Current use of on-demand services is limited. YouTube is the most popular provider (used by 37% of consumers) and Channel 4's 4OD service is top amongst broadcasters (15% use). Project "Kangaroo," the mooted single platform service from the BBC, ITV and C4 heightens interest. 52% (69% of males under 25) said they are more interested in this service than other services.
 
Strong demand exists for on-demand content but what about consumer willingness to pay? When confronted with the three options - subscription with unlimited content, PPV and free ad-supported models - the free model wins comprehensively. 70% would rather put up with the ads than pay for the content.
 
Consumers will pay selectively for some content types eg 33% are definitely interested in tv comedy but only 21% are prepared to pay for it. Conversely, 48% are definitely interested in recent movies and 53% are willing to pay.  Live music (40%) and sports (52%) also generate strong willingness to pay.
 
Key facts on this story from the survey:
 
· 70% would prefer on-demand content to be free; 15% prefer a reasonable monthly subscription to watch unlimited content and 15% prefer to pay a reasonable fee for every programme watched
 
· Of those who opted for the free advertising-based model, when forced to choose between paid models (subscription / pay-per-view) slightly more preferred pay-per-view (57%)
 
· 37% of the sample at least occasionally watch streamed videos on YouTube Vs Virgin Media 20%, 4OD 15%, BBC iPlayer 13%
 
Alexander Ross, Music and Technology Partner at Wiggin, says, "This reveals where the focus of VOD services should be.  The desire for live concerts is also a huge opportunity for the music business which is facing a year on year decline in CD sales."
 
Russell Hart, Chief Executive of Entertainment Media Research commented, "While there's huge interest in content on-demand, only specific types of content look likely to realise mass market paid-for revenues. A viable business strategy needs to ensure that content in demand is also capable of being monetised."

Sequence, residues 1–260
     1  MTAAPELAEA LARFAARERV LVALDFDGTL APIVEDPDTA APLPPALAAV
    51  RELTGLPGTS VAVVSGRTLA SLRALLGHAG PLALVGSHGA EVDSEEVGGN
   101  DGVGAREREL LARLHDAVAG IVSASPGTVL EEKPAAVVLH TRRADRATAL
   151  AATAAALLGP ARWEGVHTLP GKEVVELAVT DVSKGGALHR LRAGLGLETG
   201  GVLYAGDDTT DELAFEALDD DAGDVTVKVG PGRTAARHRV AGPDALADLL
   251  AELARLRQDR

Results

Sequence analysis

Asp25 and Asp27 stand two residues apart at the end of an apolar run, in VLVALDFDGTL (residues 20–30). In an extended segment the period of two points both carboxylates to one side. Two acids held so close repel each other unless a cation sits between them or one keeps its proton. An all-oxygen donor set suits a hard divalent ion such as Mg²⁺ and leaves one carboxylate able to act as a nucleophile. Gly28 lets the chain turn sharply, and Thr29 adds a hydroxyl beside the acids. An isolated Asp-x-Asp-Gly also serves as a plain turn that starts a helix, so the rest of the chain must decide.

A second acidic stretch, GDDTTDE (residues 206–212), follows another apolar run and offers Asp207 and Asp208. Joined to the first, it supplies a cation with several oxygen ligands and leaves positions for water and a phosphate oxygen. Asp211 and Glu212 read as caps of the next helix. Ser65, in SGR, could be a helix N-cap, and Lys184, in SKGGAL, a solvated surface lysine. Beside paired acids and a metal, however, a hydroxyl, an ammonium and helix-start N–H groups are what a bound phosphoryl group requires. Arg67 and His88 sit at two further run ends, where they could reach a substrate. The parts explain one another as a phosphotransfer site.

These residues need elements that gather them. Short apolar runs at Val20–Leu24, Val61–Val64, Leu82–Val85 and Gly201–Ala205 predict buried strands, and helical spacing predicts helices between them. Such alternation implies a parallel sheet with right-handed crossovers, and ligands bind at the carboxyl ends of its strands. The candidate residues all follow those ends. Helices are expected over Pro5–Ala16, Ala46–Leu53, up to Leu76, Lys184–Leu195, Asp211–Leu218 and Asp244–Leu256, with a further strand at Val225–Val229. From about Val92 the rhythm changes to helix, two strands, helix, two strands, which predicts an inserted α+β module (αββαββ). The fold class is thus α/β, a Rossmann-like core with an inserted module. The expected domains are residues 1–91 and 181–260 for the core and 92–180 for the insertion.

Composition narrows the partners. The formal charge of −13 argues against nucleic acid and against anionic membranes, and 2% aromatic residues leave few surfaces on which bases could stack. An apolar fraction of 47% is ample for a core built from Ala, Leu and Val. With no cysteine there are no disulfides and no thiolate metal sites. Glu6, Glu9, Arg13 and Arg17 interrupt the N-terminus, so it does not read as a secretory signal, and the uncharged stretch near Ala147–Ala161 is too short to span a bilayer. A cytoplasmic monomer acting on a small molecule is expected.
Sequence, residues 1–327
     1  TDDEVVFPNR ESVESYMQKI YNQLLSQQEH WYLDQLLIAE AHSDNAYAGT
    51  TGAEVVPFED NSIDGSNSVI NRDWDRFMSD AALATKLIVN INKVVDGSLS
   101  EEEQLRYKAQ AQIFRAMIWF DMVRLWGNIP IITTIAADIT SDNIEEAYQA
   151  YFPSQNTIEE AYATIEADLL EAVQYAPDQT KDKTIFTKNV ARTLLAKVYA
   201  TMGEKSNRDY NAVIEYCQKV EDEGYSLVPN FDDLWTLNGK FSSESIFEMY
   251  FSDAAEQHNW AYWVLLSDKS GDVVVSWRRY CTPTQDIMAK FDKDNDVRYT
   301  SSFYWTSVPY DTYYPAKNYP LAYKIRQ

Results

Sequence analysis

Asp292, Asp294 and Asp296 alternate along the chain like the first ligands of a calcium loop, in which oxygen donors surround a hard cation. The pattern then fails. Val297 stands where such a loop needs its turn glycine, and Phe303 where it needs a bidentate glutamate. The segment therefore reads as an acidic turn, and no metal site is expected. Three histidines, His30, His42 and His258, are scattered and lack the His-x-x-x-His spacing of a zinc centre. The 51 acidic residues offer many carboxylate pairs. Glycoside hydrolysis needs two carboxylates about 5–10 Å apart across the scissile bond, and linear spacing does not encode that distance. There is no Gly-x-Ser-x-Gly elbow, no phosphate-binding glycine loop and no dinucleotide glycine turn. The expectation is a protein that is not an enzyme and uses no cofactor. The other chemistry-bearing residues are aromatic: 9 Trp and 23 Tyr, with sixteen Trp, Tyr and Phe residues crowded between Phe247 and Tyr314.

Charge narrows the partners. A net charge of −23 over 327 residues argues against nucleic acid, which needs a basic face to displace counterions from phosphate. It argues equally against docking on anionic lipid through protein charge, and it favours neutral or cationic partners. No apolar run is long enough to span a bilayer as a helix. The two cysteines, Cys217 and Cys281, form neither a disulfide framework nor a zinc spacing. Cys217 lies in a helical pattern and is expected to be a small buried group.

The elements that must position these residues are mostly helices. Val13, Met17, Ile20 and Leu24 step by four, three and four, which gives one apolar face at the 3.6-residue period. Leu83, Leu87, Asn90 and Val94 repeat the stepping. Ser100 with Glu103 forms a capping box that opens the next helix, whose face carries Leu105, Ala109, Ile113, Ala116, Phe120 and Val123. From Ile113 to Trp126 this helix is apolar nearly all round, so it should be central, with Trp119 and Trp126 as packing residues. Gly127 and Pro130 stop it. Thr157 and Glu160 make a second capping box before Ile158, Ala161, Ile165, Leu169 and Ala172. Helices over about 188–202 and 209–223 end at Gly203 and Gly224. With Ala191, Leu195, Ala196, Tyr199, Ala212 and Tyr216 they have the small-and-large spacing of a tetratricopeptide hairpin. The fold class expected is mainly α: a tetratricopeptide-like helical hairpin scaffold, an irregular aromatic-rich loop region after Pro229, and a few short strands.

Digitally recorded television is seriously affecting advertising reach

Of those consumers with fast-forward technology (Sky+, Windows Media Center and digital video recorders), just 4% only watch live broadcasts while 23% mostly watch recorded programmes and when watching recorded commercial television 80% fast forward the adverts "most of the time" or "all of the time."  Only 6% rarely / never fast-forward the adverts.
 
This behaviour is consistent across all demographics. Furthermore, 2 out of 3 agree with the statement "I actively try to avoid as many television ads as possible" showing that ad avoidance is a major issue.
 
Key facts on this story from the survey:
 
Of those with the ability/technology to record television digitally:
- 5% only watch programmes they record 
- 18% mostly watch programmes they record 
- 35% watch recorded and live programmes equally 
- 38% mostly watch live programmes 
- 4% only watch live programmes
 
Of those with the ability/technology to record television digitally:
- 46% fast forward past the adverts "all the time" 
- 33% fast forward past the adverts "most of the time" 
- 15% fast forward past the adverts "some of the time" 
- 4% rarely fast forward past the adverts 
- 2% never fast forward past the adverts
 
64% of consumers agreed with the statement "I actively try to avoid as many television ads as possible"
- 23% strongly agree 
- 41% agree 
- 30% disagree 
- 6% strongly disagree
 
Alexander Ross - Music and Technology Partner at Wiggin, says, "The challenge for advertisers is to find more targeted forms of advertising that consumers are more willing to respond to.  The technologies are already with us to enable that to happen."
 
Russell Hart, Chief Executive of Entertainment Media Research commented, "On-demand television funded by advertising and free to view is seemingly the mass market model of choice.

"However, since 80% of viewers with fast-forward technology avoid the adverts most of the time, viable ad-funded models of the future will need to deny the consumer ad skipping control to guarantee ad exposure."

AJR